Hamlet Pre-Reading 

Welcome to a Figurative Tea Party

Each of you has been given 1-2 quotes from Hamlet.  Today, as you finish up the bits of your World Literature cover sheet, start getting familiar with your lines.  If you have tough lines, try to figure out what they really mean.  Consider the motivations of your character and the manner in which s/he’d say the lines.  Aside from the tone and volume of your voice, what postures would your character have?  If talking to another person (as indicated), how would your character relate to that person?

When Spachman calls the “tea party” to order, it’s your time to mingle with the other guests.  All you can say to people is one (or both) of your lines.  You might find someone you can argue with, someone you can sneer at, someone you are trying to manipulate, etc.  Play with the language and see what happens and what you learn about your character(s) during this process.


After the “tea party” is concluded, draw some conclusions about your character(s) (and the other characters you met at the party) and the situations they face in the play.

  • What have you learned/concluded about this character?
  • What have you learned/concluded about what is going on in this play?
  • What themes are apparent or suggested by these characters’ lines?


You are a father named Polonius talking to your son Laertes who is departing for college:
"This above all: to thine own self be true,
And it must follow, as the night the day,
Thou canst not then be false to any man."


You are a young woman named Ophelia talking to your brother Laertes who has been giving you advice about your relationship with your boyfriend:
"Do not, as some ungracious pastors do,
Show me the steep and thorny way to heaven,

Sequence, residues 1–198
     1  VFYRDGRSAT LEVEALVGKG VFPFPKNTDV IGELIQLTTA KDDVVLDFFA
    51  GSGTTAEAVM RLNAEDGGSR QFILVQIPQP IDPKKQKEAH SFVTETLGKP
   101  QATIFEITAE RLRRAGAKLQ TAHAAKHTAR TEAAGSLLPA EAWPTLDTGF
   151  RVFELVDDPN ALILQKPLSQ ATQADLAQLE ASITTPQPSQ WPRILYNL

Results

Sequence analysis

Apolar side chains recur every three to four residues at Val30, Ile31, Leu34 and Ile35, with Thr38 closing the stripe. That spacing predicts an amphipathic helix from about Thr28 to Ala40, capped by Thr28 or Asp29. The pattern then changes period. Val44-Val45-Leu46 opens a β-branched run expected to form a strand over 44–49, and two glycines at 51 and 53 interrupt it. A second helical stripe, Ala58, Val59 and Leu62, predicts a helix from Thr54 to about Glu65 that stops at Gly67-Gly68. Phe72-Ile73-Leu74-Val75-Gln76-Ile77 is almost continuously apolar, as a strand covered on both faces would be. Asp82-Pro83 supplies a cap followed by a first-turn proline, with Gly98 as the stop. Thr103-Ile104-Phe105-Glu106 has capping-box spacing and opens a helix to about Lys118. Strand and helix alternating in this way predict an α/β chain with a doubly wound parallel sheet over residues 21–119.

Whiles, like a puffed and reckless libertine,
Himself the primrose path of dalliance treads
And recks not his own rede."


You are a dead spirit describing the true cause of your death:
"Murder most foul, as in the best it is,
But this most foul, strange, and unnatural."


You are a young man named Hamlet in a difficult situation talking to yourself:

"To be or not to be-that is the question:
Whether 'tis nobler in the mind to suffer
The slings and arrows of outrageous fortune,
Or to take arms against a sea of troubles
And, by opposing, end them."


You are a Prince of Denmark named Hamlet talking to two of your “friends:”
"I am but mad north-north-west.  When the wind is southerly, I know a hawk from a handsaw."


You are a man named Marcellus talking to a co-worker named Horatio:
"Something is rotten in the state of Denmark." 


You are a Prince of Denmark named Hamlet:

"Give me that man
That is not passion's slave, and I will wear him
In my heart's core."


You are a young man named Hamlet:

"Frailty, thy name is woman---"


You are a new step-father named Claudius talking to your step-son:

"Are you like the painting of a sorrow,
a face without a heart?"


You are a Prince of Denmark named Hamlet:

“O villain, villain, smiling, damned villain!
My tables,—meet it is I set it down,
That one may smile, and smile, and be a villain:
At least I ’m sure it may be so in Denmark.”


You are a mother named Gertrude talking to your son:

“Hamlet, thou hast thy father much offended.”


You are a young man named Hamlet talking to your mother:

“Mother, you have my father much offended.”